Stanger praises Hogg
It’s 23 years since Tony Stanger scored a try against England that almost falls under the radar in terms of importance, given his Grand Slam-winning score in 1990 against the same opposition.
On what would be his 52nd and final Scotland appearance, though, Stanger notched his 24th international try, a tally that placed him level with 1925 fellow Grand Slam champion Ian Smith – who reached the same mark in a staggering 34 Tests.
Stanger is very much of the mindset that looking forward, rather than what’s come before, is the right way to look at life, although he admits age might be a factor in recalling vividly his 1998 all-time equalling try: “My daughter actually asked me about that recently and I couldn’t quite remember the game until she mentioned it!”, he quipped.
In the here and now, amid Stuart Hogg notching three Autumn Nations Series tries to go ahead of both Stanger and Smith on the list of Scotland scorers for the men’s national side, with 25 tries, Stanger is full of admiration for the current captain.
“He’s exactly the type of player in the modern era that people want to pay money to see. A triple British & Irish Lion, twice named Player of the Tournament in the Six Nations – these are big things.”, Stanger continued.
“And to have Darcy [Graham] and Rory [Sutherland] coming through at the same time, it’s good to see lads from the town I was born and brought up in representing Scotland. When I was a youngster, you’d walk into the Hawick changing room and it was filled with top players so to still be producing international players is quite something.”
As Hogg counts down to what could well be 100 caps in the Scotland jersey, a feat that only three men have achieved to date, Stanger also paid tribute to the staying power of the 29-year-old: “To have the longevity to play in that many games, especially these days with the competition for places where there’s always someone lurking around the corner to take that jersey, is amazing,” he added.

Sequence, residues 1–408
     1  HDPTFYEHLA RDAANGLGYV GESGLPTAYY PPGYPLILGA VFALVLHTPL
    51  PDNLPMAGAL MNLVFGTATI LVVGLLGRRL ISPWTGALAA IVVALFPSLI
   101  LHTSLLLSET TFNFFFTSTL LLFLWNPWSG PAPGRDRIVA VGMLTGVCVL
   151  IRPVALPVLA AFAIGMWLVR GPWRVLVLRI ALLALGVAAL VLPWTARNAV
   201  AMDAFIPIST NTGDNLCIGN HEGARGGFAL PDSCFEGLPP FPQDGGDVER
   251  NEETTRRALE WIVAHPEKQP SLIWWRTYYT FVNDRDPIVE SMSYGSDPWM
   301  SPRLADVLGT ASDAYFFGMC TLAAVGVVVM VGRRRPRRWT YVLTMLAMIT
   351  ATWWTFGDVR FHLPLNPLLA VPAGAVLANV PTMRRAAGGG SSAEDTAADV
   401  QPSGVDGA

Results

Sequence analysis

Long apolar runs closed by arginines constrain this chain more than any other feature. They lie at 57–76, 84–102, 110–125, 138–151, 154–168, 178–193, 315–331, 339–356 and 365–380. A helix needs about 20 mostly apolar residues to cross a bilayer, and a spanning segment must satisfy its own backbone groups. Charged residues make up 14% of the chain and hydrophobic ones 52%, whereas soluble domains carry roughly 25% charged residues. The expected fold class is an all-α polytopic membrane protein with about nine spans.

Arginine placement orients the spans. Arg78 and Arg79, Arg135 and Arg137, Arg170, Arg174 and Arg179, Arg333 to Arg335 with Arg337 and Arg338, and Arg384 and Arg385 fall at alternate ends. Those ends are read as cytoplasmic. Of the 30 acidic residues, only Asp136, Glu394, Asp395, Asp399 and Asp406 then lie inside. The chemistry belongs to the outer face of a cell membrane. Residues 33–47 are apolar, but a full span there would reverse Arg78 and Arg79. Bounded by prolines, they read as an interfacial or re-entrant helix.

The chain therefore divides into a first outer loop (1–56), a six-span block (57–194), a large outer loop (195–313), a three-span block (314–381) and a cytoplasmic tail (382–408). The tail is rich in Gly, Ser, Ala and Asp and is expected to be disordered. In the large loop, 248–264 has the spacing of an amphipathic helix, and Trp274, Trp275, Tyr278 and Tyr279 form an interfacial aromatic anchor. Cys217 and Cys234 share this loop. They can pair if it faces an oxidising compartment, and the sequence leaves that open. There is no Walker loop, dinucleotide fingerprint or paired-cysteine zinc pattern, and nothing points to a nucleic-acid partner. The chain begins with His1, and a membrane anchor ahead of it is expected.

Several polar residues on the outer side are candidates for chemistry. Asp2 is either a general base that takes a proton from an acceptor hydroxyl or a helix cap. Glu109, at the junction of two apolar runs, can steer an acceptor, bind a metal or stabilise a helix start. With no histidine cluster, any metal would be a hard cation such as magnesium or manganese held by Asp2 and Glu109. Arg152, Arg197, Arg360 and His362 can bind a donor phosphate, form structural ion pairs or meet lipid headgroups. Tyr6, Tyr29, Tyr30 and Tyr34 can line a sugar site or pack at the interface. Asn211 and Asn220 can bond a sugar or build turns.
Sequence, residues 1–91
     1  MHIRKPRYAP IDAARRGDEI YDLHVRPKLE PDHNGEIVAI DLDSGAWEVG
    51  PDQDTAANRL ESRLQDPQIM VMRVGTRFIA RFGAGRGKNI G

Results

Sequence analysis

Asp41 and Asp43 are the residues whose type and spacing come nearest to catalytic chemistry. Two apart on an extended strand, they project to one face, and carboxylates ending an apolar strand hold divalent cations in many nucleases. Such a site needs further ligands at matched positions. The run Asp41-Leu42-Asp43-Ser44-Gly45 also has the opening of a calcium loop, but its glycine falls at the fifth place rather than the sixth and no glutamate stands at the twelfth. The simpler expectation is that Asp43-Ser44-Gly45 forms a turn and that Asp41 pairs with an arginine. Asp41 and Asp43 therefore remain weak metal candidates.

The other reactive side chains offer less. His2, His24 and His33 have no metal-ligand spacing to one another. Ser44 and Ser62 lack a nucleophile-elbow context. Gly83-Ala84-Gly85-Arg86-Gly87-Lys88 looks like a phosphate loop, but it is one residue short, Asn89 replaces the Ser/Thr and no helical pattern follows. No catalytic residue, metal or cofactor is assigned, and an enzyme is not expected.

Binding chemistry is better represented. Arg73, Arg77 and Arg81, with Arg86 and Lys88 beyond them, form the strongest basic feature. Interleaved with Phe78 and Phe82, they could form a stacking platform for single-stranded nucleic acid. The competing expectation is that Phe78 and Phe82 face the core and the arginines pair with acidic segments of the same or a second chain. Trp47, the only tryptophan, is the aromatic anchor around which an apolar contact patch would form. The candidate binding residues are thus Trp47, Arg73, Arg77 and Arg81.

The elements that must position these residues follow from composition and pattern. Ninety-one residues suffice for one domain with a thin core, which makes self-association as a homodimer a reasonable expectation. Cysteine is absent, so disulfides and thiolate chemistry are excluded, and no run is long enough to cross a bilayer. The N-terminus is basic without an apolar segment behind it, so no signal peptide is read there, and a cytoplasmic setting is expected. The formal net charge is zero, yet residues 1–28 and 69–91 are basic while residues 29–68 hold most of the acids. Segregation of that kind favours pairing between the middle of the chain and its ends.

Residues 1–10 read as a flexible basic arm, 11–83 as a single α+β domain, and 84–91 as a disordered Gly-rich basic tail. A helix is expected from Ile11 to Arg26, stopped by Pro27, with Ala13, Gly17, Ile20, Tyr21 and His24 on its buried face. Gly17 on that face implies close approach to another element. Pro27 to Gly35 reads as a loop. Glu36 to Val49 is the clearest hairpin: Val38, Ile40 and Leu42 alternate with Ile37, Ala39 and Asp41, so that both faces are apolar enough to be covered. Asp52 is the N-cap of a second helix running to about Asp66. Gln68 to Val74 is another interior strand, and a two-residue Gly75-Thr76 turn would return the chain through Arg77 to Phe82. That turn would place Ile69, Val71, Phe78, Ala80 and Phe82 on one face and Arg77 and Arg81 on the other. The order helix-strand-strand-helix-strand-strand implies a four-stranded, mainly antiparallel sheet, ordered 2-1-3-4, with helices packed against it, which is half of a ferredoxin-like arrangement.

“He’s still a young man and he’ll score plenty more tries for Scotland. I’m delighted for him and not just because he’s from Hawick!
“He’ll go on to score a few more I’m sure, and that’s great for the young boys and girls in Hawick to inspire them to go and do the same one day.”
And talking of inspiration, Stanger was thrilled to see his former Scotland teammate Tom Smith deliver the match ball ahead of the recent South Africa game.
The pair only played alongside one another in a couple of Tests as their careers dovetailed, but such events create bonds that last the test of time, as Tony explained: “It was great that he was well enough to go to the game and deliver the match ball. He was a very quiet individual and a tremendous player for someone who wasn’t a monster compared to some of the Boks he played against.
“Any accolade given to Tom is fully deserved and I’m not surprised that the crowd responded as they did on the day.
“You forget the era that you were in when younger players come through as you’re retiring and when you look back you realise there’s a whole host of guys you’ve played with which can only be a good thing. It goes by in the blink of an eye, it’s scary.
“But you see people years later – I was at a Bill McLaren long lunch and bumped into the likes of Dougie Wylie and Dave MicIvor – and it never feels like the years have passed. That’s a nice thing and the memories come flooding back and it shows the power of sport. You build strong bonds with these teammates having been through various ups and downs with them over the years.”
It appeared to be only a matter of time before Stuart Hogg surpassed the stellar totals of Tony Stanger and Ian Smith to continue to create his own inspiring legacy like the great pair, and indeed the equally exceptional Tom Smith.